Every Super Bowl is historic. The game is the most-watched television event in America. It’s the culmination of the most popular sports league. And, of course, it offers one football team–and select players–the chance to etch themselves into sports history, in a way that few other sports venues do.
Some Super Bowls, though, are more historic than others.
Super Bowl LIII, without question, is one such Super Bowl.
Tom Brady, coming off a loss to the Eagles last year, entered the game still seeking to become the first player in NFL history with six Super Bowl Rings. (He became the only quarterback with five rings two years ago, but linebacker/defensive lineman Charles Haley has five as well.)
The Los Angeles Rams, meanwhile, had their own demons to contend with. Underdogs, the Rams had to respond to those claiming that they don’t belong after the way the NFC Championship Game ended. Quarterback Jared Goff is a young sensation. How young? He was in kindergarten when Brady won his first Super Bowl.
The game would absolutely become an important marker in the annals of Super Bowl history. But who would win? Would Brady capture that elusive number six? Or would the Rams bring Los Angeles its first Super Bowl victory since the Los Angeles Raiders in 1984?
The Rams are obviously a very good team, but coming into the game it just felt like they would struggle to play from behind. Los Angeles obviously trusted its defense, as the Rams chose to defer the opening kickoff. That choice paid off early, as Cory Littleton intercepted Brady’s first pass attempt of the game. Goff and the offense couldn’t do anything in response, though, and the Rams went three-and-out.
The story of the early parts of this game followed this trend. The Los Angeles defense bent, but it never broke. The Rams gave up yards, on both the ground and through the air, but Aaron Donald and the defense stood strong when the situation called for it. Stephen Gostkowski aided the defense by missing a field goal, but the Rams still couldn’t do anything on offense. Gostkowski made a 42-yard field goal almost five minutes into the second quarter–and Los Angeles still had just one first down.
Goff responded to New England taking the lead, though. He hit Robert Woods for an 18-yard game (that might not have stood on review, but wasn’t challenged) for another first down. The drive stalled after that, but at least the Rams saw that they could move the ball. The Patriots again moved the ball well on the following possession, but it ended with an incomplete pass–deflected by Littleton–on fourth down.
The second half got off to a much different start than the first, with an obvious explanation. Todd Gurley only saw three touches for the Rams in the first half. He touched the ball three times on the opening drive of the second half. That drive also ended with a punt after just one first down, but the tone of the drive was much different than the first half.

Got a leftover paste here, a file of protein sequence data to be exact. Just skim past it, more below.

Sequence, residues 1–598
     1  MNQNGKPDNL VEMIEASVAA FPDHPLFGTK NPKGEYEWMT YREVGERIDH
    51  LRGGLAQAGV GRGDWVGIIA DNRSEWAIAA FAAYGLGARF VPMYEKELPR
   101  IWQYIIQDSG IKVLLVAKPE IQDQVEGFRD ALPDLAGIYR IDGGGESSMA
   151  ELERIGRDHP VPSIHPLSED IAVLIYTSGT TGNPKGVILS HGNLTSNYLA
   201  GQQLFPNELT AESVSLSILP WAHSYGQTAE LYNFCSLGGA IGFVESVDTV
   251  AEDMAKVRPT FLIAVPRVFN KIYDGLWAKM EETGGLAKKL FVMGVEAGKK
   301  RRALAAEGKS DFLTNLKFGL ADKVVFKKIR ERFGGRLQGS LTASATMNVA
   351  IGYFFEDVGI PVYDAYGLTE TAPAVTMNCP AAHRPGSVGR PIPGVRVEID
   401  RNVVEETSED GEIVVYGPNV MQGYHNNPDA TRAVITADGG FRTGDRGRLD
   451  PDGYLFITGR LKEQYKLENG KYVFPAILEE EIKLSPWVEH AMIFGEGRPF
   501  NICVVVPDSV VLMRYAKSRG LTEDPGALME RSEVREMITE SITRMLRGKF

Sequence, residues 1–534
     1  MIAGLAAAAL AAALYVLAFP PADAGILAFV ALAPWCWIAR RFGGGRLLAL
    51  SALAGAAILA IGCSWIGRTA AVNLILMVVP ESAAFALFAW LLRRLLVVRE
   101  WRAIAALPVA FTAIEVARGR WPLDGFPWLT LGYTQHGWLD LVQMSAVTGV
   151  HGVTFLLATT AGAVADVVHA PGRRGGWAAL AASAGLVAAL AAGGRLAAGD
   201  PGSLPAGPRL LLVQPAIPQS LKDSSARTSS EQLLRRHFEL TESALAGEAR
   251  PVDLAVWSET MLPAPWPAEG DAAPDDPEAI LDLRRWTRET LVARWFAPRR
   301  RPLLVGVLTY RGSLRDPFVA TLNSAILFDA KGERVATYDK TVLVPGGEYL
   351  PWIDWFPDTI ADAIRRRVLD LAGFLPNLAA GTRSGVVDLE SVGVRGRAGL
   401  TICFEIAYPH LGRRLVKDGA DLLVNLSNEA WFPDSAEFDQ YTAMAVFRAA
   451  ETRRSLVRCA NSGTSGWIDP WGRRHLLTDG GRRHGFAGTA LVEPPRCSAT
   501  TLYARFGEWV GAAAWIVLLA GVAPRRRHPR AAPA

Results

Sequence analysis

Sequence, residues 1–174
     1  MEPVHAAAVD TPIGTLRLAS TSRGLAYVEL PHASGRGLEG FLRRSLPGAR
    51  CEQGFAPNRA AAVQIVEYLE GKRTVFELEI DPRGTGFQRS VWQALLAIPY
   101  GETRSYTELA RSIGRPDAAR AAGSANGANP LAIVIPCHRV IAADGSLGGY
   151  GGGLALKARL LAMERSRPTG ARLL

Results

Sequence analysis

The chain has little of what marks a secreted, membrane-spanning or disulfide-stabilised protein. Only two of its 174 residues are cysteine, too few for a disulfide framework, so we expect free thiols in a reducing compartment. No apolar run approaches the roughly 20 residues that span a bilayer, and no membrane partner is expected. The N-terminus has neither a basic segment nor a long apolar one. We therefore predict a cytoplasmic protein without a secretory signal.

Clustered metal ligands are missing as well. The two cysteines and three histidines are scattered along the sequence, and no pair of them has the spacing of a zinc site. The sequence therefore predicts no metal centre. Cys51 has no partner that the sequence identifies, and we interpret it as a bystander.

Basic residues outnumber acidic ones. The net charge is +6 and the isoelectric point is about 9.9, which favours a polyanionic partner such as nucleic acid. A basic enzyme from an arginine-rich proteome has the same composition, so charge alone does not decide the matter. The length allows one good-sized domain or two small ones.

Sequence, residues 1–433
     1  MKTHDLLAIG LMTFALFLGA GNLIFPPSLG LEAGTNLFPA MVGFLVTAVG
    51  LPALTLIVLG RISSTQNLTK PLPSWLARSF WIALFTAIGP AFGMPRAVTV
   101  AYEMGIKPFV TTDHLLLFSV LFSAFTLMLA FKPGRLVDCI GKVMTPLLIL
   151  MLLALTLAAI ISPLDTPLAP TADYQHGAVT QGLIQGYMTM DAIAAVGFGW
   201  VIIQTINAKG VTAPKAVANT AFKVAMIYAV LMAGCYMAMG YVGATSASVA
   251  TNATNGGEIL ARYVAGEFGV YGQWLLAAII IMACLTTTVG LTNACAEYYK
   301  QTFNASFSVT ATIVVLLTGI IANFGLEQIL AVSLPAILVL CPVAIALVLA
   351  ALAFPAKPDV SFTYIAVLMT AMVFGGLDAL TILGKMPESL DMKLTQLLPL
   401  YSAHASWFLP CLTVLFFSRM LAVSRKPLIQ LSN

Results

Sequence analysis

After a big reception by Julian Edelman–who very quietly racked up catches and yards throughout the game–a New England punt pinned Los Angeles back on its own two-yard line. After yet another three-and-out, the Rams finally came up with the play to change the game. Punter Johnny Hekker boomed a Super Bowl-record 65-yard punt to flip the field. The defense, as it did all game, held strong, and Los Angeles tied the game with a Greg Zuerlein 53-yard field goal on its ensuing drive.
The Patriots responded with a drive that leaned heavily on Sony Michel, though, as Bill Belichick’s New England teams always seem to have an answer in the biggest of situations. The drive stalled, though, as Cory Littleton once again made a huge defensive play, this time breaking up a pass on third-and-four around mid-field. The defense finally cracked on the next drive, though, as passes to Gronkowski, then Edelman, then Gronkowski again set up a one-yard touchdown run by Michel. The first touchdown of the game came with seven minutes to go, and the Patriots held a 10-3 lead. Would McVay, Goff, and the Rams have an answer?
It seemed like they would, as big passes to Brandin Cooks and Robert Woods got the ball almost to the red zone. However, Stephon Gilmore intercepted a Goff pass (intended for Cooks) inside the New England five-yard line. With big runs by Sony Michel and Rex Burkhead on the following drive, New England kicked a field goal to go up 13-3 with just over a minute to go.
Goff didn’t have a miracle in him, though. The Rams missed a field goal with a few seconds left, and Tom Brady had the honor of kneeling out his sixth Super Bowl victory, the all-time record. Sony Michel fell to the ground in celebration, Bill Belichick was doused in Gatorade, and even the Rams came up to hug and congratulate Brady.
Embed from Getty Images